There’s a natural order to the world. Oak leaves absorb sunlight; flamingos filter shrimp; leopards stalk springboks; and urban raccoons fish french fries out of garbage cans. Simple, intuitive, orderly.

Sometimes, though, circumstances in nature reveal rules that most of us never would have expected. Take this huntsman spider (Sparassidae), for example. When wildlife photographer Chien C. Lee encountered the arachnid in the Akanin’ny Nofy Reserve along Madagascar’s east coast, he made a surprising discovery. Peering out from the clutches of the spider’s menacing mandibles was a recognizable face, that of a juvenile peacock day gecko (Phelsuma quadriocellata)—a fellow vertebrate—its body death-wrapped in silk. It was a startling sight, but not a particularly unusual one.

In nature, it turns out, size often trumps taxonomy. Yes, lizards regularly eat insects and arachnids. But some spiders (large ones) and a wide variety of other arthropods also routinely prey on lizards—and fish, and birds, and rodents, and bats. In fact, scientists have found that in some ecosystems, invertebrate predators can have a significant impact on the populations of their vertebrate prey.

Like all predators, invertebrate hunters rely on a variety of adaptations to gain an advantage over their quarry. Some use venom or elaborate silk webs to catch and subdue their prey. Ambush predators, like the huntsman, rely on stealth and lightning-fast strikes. Regardless of the strategy an arachnid employs, though, the decision about whether or not to pounce may be driven mostly by the size of the prey animal. For the huntsman, if it’s small enough to catch and overpower, it’s fair game—regardless of its position on the tree of life.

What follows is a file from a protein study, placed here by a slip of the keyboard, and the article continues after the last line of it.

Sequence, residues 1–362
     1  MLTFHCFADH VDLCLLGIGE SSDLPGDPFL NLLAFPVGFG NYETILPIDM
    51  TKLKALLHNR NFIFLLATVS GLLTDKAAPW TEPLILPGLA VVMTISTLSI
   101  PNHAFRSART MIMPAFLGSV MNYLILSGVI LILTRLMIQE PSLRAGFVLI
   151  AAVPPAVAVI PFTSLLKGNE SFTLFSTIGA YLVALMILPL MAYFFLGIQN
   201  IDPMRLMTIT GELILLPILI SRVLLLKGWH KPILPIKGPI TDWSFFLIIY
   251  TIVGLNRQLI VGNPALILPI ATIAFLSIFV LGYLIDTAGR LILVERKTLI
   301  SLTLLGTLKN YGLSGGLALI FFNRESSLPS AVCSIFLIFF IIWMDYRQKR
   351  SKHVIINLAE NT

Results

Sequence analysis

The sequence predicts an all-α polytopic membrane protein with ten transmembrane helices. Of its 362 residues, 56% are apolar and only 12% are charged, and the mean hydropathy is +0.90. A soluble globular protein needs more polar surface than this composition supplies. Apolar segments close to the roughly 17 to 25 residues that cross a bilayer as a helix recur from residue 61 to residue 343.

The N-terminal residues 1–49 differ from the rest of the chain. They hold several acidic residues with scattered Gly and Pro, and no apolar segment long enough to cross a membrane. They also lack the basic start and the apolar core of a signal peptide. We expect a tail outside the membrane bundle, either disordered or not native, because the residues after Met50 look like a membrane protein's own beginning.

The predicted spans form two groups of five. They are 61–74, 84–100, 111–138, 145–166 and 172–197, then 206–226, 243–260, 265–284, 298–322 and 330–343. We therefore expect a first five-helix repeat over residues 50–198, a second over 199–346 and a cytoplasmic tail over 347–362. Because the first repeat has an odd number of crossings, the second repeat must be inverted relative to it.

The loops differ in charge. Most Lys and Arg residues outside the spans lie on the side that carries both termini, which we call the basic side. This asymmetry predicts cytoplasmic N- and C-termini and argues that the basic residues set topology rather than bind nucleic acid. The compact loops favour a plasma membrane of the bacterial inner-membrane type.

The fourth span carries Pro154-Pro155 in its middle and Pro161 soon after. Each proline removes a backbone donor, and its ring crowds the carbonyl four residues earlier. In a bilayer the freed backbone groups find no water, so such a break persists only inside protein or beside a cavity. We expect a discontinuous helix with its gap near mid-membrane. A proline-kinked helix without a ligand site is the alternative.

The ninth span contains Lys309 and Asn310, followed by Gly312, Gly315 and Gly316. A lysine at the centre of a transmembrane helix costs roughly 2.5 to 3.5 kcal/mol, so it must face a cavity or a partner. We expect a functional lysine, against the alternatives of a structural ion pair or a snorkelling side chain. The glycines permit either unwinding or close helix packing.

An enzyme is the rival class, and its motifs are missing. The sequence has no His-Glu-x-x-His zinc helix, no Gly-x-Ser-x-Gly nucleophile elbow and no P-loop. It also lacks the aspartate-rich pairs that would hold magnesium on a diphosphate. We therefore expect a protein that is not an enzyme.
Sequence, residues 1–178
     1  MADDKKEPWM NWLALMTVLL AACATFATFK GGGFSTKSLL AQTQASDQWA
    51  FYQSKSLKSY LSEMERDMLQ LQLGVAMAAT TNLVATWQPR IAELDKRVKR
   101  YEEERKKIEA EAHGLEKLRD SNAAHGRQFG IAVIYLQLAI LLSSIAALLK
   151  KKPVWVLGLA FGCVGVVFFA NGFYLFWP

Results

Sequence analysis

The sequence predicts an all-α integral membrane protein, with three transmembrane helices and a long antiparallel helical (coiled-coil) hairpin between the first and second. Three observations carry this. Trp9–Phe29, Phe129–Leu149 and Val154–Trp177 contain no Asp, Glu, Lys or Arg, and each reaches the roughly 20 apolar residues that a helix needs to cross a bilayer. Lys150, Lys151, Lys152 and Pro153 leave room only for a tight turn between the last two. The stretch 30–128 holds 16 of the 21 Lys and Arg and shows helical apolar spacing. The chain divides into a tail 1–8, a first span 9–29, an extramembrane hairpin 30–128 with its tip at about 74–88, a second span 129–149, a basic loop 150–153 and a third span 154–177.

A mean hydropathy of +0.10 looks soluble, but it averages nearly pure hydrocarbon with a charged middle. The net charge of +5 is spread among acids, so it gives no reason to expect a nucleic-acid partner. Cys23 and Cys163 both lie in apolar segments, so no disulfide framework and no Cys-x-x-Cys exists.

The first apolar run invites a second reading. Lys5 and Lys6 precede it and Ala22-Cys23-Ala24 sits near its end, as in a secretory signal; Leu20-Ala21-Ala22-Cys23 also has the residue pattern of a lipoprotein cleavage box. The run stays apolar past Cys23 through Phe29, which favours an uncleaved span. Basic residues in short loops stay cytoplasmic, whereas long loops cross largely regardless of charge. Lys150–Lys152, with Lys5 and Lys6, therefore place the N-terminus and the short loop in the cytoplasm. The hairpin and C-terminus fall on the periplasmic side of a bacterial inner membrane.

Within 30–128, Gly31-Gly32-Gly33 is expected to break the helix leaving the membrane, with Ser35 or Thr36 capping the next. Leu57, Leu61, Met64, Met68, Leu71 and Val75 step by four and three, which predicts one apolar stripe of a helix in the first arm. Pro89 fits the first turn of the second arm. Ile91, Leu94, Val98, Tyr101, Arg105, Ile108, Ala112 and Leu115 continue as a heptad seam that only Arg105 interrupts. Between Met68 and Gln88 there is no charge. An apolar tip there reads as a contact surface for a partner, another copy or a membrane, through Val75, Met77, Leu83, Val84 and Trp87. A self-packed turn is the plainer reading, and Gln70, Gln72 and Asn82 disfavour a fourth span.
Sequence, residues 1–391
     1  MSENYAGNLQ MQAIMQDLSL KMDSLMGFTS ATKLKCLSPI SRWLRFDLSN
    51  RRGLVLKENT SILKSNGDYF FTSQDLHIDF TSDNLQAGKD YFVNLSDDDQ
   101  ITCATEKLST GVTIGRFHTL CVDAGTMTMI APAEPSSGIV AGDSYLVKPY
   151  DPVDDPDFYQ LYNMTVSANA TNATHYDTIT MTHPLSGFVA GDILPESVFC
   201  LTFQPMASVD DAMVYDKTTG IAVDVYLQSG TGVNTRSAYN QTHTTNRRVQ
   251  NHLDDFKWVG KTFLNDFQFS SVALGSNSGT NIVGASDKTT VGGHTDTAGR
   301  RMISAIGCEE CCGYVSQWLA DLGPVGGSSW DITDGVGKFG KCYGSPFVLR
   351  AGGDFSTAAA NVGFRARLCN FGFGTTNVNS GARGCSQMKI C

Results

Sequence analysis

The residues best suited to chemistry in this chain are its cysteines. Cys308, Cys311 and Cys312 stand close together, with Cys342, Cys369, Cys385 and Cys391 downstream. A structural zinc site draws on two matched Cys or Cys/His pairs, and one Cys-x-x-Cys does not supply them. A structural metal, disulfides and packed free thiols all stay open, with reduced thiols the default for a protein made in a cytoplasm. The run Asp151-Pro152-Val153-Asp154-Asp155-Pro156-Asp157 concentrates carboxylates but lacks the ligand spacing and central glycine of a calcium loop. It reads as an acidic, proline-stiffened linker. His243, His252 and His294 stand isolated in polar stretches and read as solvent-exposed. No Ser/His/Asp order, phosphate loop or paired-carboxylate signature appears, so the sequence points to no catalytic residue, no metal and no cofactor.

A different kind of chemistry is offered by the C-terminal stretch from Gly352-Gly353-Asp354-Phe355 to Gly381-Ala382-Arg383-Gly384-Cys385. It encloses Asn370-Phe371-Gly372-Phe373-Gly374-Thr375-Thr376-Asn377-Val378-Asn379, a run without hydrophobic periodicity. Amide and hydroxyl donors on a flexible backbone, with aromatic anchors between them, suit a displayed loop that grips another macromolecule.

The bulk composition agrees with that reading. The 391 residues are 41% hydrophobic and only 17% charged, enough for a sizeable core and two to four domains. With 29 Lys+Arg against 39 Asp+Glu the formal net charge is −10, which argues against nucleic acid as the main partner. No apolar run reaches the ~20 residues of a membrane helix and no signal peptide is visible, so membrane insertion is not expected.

Akanin’ny Nofy Reserve, Madagascar

Chien C. Lee

With a background in ecology and environmental education, wildlife photographer Chien C. Lee has been based on the island of Borneo since 1996. He specializes in documenting the flora and fauna of rainforests, with a particular emphasis on species that exhibit extraordinary adaptations such as camouflage, mimicry, and interspecific mutualism.

Steven Bedard

Steven Bedard

Steven Bedard is the co-founder and editor-in-chief of bioGraphic. He has spent the past 20+ years writing and producing science content for long-form feature stories, short- and long-form documentaries, immersive, multi-screen experiences, interactive simulations, and hundreds of articles and essays on topics ranging from astrophysics and archaeology to genetics, evolution, and public health. As a former field biologist who spent the early 90s studying spotted owls and northern goshawks, he has found his happiest place covering nature, conservation, and solutions to the current biodiversity crisis for bioGraphic.

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